AKG Acoustics have recently launched two new live sound vocal microphones — one capacitor and one dynamic — intended for the professional and serious semi-pro markets. The aim is to combine sound quality with robust construction, low handling noise and better than usual resistance to feedback.
Paul White
Both the C5 capacitor microphone and the D5 dynamic model feature a tough spring steel wire mesh basket finished in black, atop a cast zinc alloy body. An unusually resilient internal shock-mount system minimizes handling noise, and the output is on the usual balanced XLR connector with gold plated pins.
The cardioid pattern C5 model uses a capsule set in a gold-sputtered housing, which AKG claim protects it against moisture and humidity. There's also a removable presence boost adapter in the form of a plastic cap on the end of the capsule, designed for increased intelligibility in the upper mid-region. If the mic has too much presence for your taste, this may be removed. A frequency response of 65Hz to 20kHz is quoted, but the response seems to be around 10dB down at 20kHz, with a slight presence bump at around 10kHz. So, the high end isn't as extended as you'd expect from a studio capacitor mic.
No mention is made of whether the capsule is a permanently charged back-electret type or a traditional capacitor design, but as it can operate from phantom power as low as 9V, I suspect it uses back-electret technology. It has a sensitivity of 4 mV/Pa, which is similar to other live mics and less sensitive than most studio microphones, enabling it to handle SPLs in excess of 140dB. The A-weighted signal-to-noise ratio is 69dB, which is more than adequate for the close-miking applications that this model is designed for, and the weight is a comfortable 345g (12.2oz).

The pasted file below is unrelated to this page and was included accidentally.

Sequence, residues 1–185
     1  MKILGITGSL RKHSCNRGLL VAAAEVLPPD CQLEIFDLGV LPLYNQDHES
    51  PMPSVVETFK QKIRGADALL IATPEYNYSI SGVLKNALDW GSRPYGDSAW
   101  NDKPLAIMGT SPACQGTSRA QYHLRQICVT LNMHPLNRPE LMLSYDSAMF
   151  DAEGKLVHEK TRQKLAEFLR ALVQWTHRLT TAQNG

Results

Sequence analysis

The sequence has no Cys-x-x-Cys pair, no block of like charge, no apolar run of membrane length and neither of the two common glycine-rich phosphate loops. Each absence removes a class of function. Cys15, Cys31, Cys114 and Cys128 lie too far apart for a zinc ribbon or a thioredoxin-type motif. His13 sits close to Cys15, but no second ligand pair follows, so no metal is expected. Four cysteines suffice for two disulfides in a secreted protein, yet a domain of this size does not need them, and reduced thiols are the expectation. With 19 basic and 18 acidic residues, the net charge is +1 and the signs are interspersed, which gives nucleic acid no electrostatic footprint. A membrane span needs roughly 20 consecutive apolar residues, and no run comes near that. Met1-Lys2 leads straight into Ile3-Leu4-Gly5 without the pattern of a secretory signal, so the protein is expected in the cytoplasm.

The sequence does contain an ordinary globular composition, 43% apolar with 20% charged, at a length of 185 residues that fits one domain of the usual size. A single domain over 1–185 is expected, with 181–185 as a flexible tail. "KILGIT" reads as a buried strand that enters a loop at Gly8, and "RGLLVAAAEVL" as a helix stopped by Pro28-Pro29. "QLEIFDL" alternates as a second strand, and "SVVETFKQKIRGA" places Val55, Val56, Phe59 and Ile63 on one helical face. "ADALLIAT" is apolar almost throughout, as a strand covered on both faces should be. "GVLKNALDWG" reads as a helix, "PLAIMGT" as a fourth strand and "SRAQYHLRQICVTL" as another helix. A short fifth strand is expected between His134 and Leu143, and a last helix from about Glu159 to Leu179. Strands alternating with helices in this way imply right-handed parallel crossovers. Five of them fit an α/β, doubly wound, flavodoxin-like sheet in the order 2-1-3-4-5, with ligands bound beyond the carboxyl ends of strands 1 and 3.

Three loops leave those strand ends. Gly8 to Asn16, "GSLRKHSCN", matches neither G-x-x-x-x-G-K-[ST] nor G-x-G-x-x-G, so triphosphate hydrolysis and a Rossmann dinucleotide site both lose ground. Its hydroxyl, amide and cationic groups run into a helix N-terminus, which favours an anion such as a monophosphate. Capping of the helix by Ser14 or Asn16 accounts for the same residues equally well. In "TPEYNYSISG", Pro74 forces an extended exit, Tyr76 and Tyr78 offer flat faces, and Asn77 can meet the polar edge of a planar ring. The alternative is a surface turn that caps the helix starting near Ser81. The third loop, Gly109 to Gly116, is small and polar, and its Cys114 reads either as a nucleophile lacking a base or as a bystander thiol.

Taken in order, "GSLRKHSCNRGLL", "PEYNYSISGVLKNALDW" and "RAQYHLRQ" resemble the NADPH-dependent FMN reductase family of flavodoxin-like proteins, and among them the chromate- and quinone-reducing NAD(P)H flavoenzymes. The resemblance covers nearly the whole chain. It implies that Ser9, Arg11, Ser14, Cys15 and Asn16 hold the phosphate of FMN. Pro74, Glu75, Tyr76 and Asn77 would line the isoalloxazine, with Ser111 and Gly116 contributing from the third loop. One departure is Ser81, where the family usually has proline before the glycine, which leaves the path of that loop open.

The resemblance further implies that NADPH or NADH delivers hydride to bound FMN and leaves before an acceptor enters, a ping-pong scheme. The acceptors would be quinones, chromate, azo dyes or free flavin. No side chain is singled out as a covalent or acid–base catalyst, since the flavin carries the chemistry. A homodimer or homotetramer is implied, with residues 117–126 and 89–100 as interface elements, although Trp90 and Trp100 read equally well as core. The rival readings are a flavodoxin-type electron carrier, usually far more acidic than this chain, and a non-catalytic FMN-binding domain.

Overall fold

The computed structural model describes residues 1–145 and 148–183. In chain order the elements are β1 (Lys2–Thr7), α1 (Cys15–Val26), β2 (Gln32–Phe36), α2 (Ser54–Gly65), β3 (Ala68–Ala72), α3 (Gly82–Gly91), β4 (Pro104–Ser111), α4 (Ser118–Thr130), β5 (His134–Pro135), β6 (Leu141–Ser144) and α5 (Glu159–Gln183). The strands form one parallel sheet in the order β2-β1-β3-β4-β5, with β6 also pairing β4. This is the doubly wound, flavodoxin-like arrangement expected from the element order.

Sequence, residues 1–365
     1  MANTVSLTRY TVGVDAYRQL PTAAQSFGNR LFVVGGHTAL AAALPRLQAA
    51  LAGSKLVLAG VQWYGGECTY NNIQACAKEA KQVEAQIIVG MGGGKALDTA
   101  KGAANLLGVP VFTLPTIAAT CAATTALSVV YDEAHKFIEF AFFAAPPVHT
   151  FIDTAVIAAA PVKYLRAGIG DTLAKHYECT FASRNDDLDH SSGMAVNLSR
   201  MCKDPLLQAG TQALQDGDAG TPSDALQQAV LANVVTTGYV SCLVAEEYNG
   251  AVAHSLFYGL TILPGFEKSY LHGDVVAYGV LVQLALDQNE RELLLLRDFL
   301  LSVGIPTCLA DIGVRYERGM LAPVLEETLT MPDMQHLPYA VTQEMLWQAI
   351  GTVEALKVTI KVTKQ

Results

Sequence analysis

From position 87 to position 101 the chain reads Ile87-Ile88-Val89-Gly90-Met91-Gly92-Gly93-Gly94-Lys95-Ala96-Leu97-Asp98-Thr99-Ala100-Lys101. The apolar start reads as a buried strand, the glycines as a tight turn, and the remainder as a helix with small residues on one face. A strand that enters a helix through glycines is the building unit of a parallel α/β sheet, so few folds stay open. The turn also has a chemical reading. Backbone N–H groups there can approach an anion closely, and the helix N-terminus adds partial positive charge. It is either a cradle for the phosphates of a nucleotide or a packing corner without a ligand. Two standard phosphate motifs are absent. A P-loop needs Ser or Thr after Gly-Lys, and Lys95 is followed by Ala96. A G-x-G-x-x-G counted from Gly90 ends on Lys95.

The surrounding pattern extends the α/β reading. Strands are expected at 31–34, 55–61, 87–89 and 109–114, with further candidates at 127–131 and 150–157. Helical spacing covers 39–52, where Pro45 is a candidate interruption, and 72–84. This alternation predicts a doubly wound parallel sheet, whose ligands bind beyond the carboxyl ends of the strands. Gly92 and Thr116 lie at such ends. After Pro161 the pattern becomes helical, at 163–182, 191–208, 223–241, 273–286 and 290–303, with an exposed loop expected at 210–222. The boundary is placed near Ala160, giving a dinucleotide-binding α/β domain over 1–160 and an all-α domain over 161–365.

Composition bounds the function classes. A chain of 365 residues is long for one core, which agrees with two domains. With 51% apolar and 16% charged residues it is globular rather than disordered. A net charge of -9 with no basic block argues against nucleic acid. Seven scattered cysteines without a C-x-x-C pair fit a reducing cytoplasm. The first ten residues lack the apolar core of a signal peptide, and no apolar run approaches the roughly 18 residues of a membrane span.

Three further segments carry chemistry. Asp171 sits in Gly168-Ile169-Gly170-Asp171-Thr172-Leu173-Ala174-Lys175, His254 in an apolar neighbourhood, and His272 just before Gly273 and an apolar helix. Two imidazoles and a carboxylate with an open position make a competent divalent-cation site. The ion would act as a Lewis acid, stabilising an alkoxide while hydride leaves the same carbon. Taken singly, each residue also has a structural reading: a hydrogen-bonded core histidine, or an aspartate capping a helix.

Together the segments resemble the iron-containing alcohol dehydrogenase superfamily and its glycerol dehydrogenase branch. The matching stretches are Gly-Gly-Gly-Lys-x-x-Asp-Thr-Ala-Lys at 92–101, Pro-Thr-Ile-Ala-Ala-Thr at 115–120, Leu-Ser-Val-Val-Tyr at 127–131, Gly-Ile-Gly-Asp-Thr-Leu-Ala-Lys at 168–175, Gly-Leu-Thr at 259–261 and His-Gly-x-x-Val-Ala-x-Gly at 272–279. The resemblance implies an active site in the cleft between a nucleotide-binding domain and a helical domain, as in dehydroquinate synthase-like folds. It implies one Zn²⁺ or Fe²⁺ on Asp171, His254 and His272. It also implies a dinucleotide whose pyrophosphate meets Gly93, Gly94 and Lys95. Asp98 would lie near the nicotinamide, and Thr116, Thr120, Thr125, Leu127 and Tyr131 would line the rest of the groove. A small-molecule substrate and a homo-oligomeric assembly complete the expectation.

The D5 dynamic model (available with or without switch) looks outwardly very similar to its capacitor counterpart and includes what AKG call their new 'Laminate Varimotion multi-thickness diaphragm technology'. This claims to provide a smooth frequency response, which in turn allows high gain levels before feedback. I couldn't find any further information on the diaphragm construction, but the name and design brief suggests that it is some type of lightweight laminate structure, which may well improve the damping of the diaphragm and so suppress unwanted resonances.
Unlike the C5, the D5 has a tighter supercardioid polar pattern and claims a useful frequency response of 70Hz to 20kHz, which seems extraordinarily high for a dynamic design (although the response curve suggests it is down by 15dB or so at 20kHz). There's a broad presence peak above 5kHz to improve intelligibility, but this is more of a plateau than a hump and so shouldn't sound too aggressive. The D5 is less sensitive than the C5, at 2.6mV/Pa, and can tolerate a correspondingly higher SPL of over 150dB. So, death metal vocalists who like to bounce the mic off their tonsils are not going to scare it! At 7.3 inches long and around two inches in diameter at the widest point of the basket, the mic weighs 340g (12oz), which is just five grams less than the C5. Both mics include a vinyl carrying bag and stand adaptor.
Test results
Given that these mics work on very different electrical principles, they actually sound surprisingly similar. Compared with the LD1011 back-electret mic that I normally use for gigging, both AKG models have noticeably more low end when used up close (the C5 has a little more than the D5). At normal close-miking distances, I'd say a low-cut filter would be needed, as the bass end is just a bit too generous. Other than that, the tonality is classy and smooth with none of that grating high end that you get from mics where the presence peak is too fierce. I found little subjective difference between the top end of the C5 and the D5 (though this will vary from singer to singer) and the feedback rejection of both mics was excellent, as was the low handling noise. Other than the need to tame the low end proximity rise with EQ or low-cut filters when working very close to the microphone, the sound achievable from both models was very natural and it's hard to choose between them. In fact, if you're in the market I'd suggest you try both and see which suits your voice best — they're both very good live vocal mics and their resistance to feedback makes them particularly strong contenders.  

 

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